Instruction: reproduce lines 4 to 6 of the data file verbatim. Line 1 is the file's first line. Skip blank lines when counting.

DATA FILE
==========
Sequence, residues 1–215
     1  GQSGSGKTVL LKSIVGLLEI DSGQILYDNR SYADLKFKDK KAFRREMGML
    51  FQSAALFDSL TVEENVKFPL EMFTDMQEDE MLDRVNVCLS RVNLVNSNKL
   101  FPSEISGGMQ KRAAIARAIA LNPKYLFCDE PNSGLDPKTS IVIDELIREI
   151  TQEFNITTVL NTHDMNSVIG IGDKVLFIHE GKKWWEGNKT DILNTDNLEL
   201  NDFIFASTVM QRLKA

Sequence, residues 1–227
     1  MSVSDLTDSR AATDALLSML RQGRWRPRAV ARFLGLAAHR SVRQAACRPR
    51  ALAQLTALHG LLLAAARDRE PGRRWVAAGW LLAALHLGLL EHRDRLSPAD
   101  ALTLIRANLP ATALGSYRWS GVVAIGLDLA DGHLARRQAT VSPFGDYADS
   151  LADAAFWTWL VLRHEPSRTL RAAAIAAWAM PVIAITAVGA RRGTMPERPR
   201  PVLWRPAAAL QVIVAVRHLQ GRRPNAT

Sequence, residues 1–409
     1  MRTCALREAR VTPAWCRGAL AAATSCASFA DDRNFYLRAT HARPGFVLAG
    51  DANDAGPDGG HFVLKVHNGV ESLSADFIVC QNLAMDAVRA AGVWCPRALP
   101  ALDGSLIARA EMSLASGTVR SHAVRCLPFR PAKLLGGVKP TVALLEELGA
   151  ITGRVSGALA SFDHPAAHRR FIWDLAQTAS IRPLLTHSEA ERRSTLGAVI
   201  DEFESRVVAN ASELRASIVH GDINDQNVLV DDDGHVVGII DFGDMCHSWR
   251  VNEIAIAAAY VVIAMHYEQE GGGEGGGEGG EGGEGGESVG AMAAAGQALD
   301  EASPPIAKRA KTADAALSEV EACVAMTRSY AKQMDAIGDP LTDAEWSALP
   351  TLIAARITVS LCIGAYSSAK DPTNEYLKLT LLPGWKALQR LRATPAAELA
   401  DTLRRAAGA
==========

   101  FPSEISGGMQ KRAAIARAIA LNPKYLFCDE PNSGLDPKTS IVIDELIREI
   151  TQEFNITTVL NTHDMNSVIG IGDKVLFIHE GKKWWEGNKT DILNTDNLEL
   201  NDFIFASTVM QRLKA